A hidden gem of quarantine: making a podcast

February 1, 2021 — by Serena Li
Screen Shot 2020-12-03 at 3
Photo by Serena Li

The Spotify page of Aiya podcast.

After several failed attempts at starting a podcast, junior and her older sister manage to complete heartfelt episodes.

The year was 2018. I received a text from my older sister, Emily: “Serena, do you want to start a podcast with me?”

From crime shows to political commentary podcasts, I was a huge fan of the genre. So the thought of having my own was exciting, to say the least. Then 14-year-old me answered “yes!” without a second thought.  

Unfortunately, our first attempt at starting a podcast went astray for two reasons: our exceptional procrastination skills and our location difference. 

Emily lives in Berkeley because of college, and I live in Saratoga. We struggled to find a time that worked for both of us, and we didn’t want to record the podcast separately. Of course, our procrastination played a bigger role in the failure. We created all the necessary folders and documents on Google Drive to start, but neither of us wrote an actual script or brainstormed ideas of topics to talk about. 

Fast forward to 2020. The pandemic forced Emily to come back home. Now that the distance was not a problem, the idea of starting a podcast seemed more possible. 

In May, the two of us held a long meeting to discuss the direction of the podcast. We wanted it to be about something that interests both of us, so we decided that our theme would be a comparison between American and Chinese culture, from the pop industry to our daily lives. We decided to use the Chinese phrase – “Aiya!,” a common expression that can be used in almost any situation, like when you stub your toe or hit the jackpot at a lottery, as our podcast name.

Our first episode was originally planned to be about a Chinese television show “Nothing but Thirty,” which aired in July, because of its discussion of the role women play in society. However, by the time we finished a detailed draft of our script, it was late September, and the timeliness of the episode had evaporated. 

Ultimately, we decided to go with an evergreen topic: a comparison of our experiences going to school in both China and the U.S. 

Instead of writing a detailed script this time, we decided to freestyle off a list of bullet points we made. On a Friday night in November, we started our first recording session. 

Our podcast setup was nowhere near professional – Emily and I were crammed in front of my desk with all of my homework papers haphazardly placed around my desk. The application that we used for recording was Voice Memos (which surprisingly works quite well). And once I hit that record button, we started our first episode.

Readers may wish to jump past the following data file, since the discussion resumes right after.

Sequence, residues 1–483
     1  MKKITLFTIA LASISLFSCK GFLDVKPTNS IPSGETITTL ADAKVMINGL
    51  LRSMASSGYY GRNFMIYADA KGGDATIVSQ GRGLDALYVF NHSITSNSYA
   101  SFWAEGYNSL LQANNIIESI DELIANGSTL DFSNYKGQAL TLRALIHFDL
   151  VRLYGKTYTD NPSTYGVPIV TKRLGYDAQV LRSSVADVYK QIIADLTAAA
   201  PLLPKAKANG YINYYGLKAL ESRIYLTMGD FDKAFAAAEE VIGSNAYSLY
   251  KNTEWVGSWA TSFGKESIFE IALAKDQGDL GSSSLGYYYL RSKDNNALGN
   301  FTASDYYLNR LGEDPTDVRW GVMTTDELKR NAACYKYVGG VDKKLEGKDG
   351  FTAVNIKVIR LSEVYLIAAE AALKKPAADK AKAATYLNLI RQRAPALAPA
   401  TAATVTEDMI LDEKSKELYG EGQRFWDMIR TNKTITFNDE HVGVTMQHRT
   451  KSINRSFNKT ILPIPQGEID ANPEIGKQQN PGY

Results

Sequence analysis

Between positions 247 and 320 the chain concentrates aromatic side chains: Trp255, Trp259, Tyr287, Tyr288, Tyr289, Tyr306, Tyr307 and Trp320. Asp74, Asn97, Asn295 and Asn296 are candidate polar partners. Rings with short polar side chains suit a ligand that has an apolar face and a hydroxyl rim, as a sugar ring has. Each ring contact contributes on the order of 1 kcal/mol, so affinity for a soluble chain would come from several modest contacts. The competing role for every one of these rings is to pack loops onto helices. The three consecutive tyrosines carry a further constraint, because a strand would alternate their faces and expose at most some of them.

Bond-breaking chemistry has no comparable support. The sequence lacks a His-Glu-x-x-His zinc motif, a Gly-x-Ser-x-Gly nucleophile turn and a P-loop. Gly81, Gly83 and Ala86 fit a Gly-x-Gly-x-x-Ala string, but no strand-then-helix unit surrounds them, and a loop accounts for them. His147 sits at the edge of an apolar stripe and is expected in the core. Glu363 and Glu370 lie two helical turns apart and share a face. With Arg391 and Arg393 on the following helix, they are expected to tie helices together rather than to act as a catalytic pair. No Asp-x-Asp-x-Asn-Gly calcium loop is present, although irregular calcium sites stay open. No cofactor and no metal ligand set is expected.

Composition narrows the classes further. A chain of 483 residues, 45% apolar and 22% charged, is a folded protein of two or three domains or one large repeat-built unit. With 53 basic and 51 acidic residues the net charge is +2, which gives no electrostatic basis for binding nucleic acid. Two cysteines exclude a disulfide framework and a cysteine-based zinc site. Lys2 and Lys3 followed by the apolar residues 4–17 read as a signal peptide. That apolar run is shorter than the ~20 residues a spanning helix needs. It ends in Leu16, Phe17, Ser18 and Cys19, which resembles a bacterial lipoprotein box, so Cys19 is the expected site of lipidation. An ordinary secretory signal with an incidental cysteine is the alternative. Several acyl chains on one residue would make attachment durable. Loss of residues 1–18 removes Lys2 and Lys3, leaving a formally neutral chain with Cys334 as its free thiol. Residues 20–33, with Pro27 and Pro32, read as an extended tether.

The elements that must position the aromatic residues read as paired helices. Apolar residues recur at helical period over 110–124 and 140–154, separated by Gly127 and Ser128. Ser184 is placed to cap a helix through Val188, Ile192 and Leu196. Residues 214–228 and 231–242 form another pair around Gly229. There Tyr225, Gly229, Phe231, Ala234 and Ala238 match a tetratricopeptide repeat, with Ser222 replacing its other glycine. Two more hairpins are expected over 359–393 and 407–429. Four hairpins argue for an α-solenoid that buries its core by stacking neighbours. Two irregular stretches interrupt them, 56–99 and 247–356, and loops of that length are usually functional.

While recording, I was genuinely surprised by how little I knew about my older sister. Since we have grown up together, I thought I knew Emily really well. 

But as we shared our experiences of growing up in China and America, I heard new stories about my sister for the first time. For instance, she discussed hardships like leaving her closest friends and familiarizing herself to a new culture that she had endured as she made transitions between Chinese and American school when she started high school, which I wasn’t aware of before. 

In addition to getting to know each other better, the one and a half hours we spent recording the podcast was probably the most I’ve ever laughed since the beginning of quarantine. We recalled nostalgic memories and embarrassing stories (unfortunately, many of them didn’t make the final cut), and reminisced about our carefree elementary school days. 

It was a great experience because it not only allowed us to accomplish something we’ve been planning for years but also it brought us closer together as friends.

We tried to keep the momentum going by recording episodes with topics that genuinely interest us. So far, we’ve recorded three: our experience going to school in China and America, the celebrity culture in China and our take on obsessively following certain celebrities and our struggles with being bilingual. 

Recording podcast episodes, though stressful and time-consuming from scriptwriting to editing, is something that I want to continue into the future. I love being able to form even stronger bonds with my sister while expressing my opinion on topics that I care about. Hopefully, it doesn’t take another two years to record our next episode.

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